Tattoos and body piercings increasingly are in the mainsteam, even among white-collar professionals. But while they don’t rate a second glance in some venues, they’re still not accepted in others.
It surprises some younger workers in particular to know that employers generally are free to discriminate against them if they have visible tattoos, studs or safety pins as skin art.
Body art is a freedom-of-expression right, but courts consistently have said that right may stop at an employer’s door. Unless you can show evidence of a specific religious or class protection, an employer can refuse to hire you, can demand you cover up or remove the decoration as a condition of employment, or can fire you for failing to follow the workplace’s appearance code.
Case law generally agrees that employers can set the appearance standards that they want for their employees. Things that are deemed to be “mutable characteristics” generally can be dictated in workplaces.
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But a new study by two professors in the College of Business at Texas A&M University-Corpus Christi warns employers against being too strident about banning body art, especially if a job candidate or employee is otherwise worth having.
“Some of today’s best candidates may have modifications that you consider undesirable,” wrote professors Brian Elzweig and Donna Peeples. “Who knows, as these people grow and mature in their carers, the modifications may suddenly disappear. After all, they have to be competitive in their market.”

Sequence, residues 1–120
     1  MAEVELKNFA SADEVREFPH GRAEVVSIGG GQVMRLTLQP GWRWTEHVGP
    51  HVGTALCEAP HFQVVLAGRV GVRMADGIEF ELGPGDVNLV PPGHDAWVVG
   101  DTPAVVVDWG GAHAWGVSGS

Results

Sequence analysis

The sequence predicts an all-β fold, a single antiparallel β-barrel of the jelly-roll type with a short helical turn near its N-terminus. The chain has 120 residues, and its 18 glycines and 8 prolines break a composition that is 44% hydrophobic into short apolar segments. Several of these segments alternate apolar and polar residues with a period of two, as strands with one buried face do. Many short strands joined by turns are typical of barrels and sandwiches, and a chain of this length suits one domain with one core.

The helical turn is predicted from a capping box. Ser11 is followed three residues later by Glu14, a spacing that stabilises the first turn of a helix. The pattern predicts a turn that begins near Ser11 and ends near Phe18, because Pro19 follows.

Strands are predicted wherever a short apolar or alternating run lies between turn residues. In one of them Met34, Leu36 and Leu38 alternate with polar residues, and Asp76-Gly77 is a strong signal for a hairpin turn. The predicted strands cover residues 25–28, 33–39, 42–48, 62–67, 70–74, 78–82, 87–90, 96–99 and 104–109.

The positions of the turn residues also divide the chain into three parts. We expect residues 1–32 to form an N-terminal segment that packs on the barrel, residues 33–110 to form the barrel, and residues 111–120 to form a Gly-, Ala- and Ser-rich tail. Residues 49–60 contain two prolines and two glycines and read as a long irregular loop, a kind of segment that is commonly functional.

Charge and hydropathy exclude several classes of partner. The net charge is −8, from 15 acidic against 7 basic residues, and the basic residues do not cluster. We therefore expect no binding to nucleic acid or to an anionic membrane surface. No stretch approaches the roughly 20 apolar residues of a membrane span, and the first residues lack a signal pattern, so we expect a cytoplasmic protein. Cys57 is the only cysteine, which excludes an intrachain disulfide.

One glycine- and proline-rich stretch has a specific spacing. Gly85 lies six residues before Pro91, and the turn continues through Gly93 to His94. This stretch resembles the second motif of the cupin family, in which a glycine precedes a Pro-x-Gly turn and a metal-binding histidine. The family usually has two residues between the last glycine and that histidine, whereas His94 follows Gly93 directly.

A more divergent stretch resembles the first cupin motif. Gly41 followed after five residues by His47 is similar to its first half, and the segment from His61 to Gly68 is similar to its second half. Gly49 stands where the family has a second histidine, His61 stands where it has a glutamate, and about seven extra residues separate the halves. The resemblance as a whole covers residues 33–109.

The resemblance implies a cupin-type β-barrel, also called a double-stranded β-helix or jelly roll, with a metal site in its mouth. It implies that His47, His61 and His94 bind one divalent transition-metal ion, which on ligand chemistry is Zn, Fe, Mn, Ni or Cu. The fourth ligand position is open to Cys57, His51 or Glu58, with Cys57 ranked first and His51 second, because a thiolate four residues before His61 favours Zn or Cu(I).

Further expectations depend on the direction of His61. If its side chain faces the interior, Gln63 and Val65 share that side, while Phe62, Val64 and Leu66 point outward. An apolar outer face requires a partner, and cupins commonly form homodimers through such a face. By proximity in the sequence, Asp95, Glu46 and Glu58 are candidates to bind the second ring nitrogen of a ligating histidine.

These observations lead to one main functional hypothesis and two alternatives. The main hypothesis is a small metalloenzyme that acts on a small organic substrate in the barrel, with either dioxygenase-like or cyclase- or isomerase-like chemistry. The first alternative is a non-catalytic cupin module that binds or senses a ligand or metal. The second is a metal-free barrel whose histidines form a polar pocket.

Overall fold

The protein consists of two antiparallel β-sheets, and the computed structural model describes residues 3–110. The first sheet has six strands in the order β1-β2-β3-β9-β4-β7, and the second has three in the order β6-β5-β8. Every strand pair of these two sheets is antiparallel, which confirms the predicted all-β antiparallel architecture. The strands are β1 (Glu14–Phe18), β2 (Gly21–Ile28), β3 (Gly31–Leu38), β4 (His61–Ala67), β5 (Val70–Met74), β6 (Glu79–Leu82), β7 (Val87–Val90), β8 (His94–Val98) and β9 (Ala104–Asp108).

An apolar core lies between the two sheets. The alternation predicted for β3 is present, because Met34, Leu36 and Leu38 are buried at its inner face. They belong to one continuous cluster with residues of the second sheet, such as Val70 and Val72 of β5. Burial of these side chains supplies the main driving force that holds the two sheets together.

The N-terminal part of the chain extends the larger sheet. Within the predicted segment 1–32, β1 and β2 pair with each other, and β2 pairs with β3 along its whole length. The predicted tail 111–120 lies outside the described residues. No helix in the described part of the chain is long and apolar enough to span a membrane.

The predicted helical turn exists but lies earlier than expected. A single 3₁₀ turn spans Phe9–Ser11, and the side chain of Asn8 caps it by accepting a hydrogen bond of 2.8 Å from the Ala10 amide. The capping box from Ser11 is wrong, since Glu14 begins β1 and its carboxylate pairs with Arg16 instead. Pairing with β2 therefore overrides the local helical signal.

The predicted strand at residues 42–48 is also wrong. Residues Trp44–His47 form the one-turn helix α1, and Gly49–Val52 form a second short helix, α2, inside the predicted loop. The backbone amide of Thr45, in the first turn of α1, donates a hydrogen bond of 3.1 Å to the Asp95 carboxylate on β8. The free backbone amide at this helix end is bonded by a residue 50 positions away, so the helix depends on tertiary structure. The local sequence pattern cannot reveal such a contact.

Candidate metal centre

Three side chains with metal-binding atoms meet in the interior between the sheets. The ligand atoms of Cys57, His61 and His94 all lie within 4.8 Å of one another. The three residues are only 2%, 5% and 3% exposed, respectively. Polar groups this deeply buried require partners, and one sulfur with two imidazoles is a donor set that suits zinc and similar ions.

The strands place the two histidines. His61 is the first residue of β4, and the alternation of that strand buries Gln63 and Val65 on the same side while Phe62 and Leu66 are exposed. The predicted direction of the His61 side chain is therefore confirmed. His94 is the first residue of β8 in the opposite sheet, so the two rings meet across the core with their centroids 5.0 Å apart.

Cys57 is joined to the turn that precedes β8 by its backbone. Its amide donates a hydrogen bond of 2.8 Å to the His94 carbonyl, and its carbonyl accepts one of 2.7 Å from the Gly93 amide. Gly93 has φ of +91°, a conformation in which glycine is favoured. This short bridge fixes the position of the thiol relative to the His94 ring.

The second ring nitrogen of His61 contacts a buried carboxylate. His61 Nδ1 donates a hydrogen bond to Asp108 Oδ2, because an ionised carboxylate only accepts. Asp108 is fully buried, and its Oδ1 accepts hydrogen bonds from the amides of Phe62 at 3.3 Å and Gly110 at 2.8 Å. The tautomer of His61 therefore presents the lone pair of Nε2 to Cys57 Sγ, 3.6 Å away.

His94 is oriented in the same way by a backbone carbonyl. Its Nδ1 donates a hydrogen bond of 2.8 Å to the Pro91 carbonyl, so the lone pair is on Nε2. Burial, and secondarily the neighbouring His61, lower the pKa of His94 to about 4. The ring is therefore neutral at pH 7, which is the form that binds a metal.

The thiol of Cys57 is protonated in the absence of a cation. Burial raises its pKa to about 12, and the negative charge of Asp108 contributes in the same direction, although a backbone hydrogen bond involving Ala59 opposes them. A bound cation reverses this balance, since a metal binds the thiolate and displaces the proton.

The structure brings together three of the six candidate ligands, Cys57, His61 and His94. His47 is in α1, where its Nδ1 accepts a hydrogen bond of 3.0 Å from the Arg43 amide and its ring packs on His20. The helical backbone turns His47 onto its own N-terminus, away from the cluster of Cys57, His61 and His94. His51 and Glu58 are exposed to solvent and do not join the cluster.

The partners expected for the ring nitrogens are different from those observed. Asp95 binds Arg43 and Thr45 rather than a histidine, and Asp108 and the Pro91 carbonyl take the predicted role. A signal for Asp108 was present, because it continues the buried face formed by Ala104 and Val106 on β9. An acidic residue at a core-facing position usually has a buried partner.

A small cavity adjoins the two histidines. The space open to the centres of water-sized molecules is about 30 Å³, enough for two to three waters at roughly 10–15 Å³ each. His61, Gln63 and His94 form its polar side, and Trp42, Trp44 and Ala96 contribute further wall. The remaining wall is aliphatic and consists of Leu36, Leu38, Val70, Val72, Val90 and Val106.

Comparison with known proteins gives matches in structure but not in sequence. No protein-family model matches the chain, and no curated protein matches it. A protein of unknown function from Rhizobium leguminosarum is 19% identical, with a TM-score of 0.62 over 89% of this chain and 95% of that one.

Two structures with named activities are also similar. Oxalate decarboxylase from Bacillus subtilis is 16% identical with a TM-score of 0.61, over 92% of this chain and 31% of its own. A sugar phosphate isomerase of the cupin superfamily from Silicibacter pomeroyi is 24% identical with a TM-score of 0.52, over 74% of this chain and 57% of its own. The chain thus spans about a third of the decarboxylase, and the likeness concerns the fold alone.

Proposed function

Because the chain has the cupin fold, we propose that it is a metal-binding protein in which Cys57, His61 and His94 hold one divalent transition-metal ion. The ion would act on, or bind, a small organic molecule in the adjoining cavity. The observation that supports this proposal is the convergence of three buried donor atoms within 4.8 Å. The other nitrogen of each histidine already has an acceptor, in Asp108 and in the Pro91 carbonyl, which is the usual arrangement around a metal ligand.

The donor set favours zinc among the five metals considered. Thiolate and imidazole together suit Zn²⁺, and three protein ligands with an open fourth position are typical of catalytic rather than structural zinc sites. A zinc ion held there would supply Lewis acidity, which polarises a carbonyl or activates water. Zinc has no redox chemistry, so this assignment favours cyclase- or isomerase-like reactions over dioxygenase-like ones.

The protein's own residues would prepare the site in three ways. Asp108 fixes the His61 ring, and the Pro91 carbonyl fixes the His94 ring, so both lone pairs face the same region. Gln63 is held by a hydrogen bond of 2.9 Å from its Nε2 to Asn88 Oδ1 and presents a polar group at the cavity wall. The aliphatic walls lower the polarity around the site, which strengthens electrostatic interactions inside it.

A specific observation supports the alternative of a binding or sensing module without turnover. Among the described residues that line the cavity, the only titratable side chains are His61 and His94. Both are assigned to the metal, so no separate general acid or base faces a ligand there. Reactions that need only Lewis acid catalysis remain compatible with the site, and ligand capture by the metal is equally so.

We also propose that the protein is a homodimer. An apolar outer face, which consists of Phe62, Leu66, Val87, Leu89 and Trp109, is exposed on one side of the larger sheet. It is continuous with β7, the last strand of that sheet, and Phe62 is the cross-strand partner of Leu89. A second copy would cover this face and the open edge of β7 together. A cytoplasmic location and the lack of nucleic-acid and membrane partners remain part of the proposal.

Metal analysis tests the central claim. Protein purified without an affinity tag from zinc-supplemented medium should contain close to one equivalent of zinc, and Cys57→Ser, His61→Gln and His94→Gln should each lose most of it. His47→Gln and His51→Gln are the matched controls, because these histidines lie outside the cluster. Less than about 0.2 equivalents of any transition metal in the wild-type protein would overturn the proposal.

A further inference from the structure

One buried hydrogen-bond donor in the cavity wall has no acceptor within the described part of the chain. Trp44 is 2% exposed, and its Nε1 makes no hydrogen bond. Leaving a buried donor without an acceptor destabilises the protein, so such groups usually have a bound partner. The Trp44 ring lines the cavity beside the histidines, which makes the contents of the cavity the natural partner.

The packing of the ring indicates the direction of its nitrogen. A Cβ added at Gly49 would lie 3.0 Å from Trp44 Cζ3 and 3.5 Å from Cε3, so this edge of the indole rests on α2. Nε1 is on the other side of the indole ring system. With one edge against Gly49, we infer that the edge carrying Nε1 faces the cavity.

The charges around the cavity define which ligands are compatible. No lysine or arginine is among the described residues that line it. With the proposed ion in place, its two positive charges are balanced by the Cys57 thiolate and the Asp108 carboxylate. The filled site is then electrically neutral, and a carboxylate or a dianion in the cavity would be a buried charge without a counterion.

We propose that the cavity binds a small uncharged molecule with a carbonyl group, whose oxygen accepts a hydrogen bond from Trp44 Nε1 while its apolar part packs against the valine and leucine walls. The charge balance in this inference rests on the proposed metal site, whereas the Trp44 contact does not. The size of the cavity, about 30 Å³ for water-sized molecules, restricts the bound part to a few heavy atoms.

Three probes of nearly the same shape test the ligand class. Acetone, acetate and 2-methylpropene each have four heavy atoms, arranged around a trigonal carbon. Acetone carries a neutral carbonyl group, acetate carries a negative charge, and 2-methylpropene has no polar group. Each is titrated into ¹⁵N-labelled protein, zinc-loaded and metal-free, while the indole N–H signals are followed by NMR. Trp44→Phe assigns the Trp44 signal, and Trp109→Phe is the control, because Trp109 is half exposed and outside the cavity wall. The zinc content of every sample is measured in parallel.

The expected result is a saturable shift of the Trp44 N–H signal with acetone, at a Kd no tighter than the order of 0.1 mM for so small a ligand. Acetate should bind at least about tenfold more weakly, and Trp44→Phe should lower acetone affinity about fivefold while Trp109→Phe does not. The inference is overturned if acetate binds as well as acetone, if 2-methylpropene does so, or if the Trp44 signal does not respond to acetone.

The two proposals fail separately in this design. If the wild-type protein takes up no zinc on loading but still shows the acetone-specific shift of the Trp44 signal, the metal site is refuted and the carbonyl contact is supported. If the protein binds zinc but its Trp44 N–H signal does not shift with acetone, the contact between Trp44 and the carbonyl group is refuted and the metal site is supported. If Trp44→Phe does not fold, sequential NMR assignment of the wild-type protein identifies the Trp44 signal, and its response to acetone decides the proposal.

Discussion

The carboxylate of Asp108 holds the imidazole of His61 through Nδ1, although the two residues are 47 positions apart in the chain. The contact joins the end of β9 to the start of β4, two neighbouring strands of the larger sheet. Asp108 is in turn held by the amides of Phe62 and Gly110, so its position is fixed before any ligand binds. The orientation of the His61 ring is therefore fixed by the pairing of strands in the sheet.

The authors note that visible tattoos and piercings still are rare in corporate hierarchies. Their study indicated that those who sport body art may be “subliminally” discriminated against in hiring or promotions because they don’t fit bosses’ images for the organization, profession or position.
That may change as younger workers — up to half of whom may have some kind of body art — ascend the career ladder. All of the millennial generation, the group that turned the tide on body art acceptance, is now of working age.
The professors suggest that organizations take a good look at their dress codes and policies to make sure they have valid reasons for banning “mutable characteristics.” Judges or juries might not accept as valid the argument that “our customers don’t like it.” Employers may be asked to provide data to prove that claim.
Employers also are advised to make sure their policies are gender neutral to avoid sex discrimination charges. If a policy allows piercings in ear lobes, it should apply to women and men. Ditto if a policy bans purple hair or any other mutable trait.
Employers should assess carefully whether such a ban is appropriate or makes good business sense. Surveys indicate that public acceptance is growing, largely as tattoos and piercings proliferate among younger generations born after the baby boom — the group that will soon rule the workplace.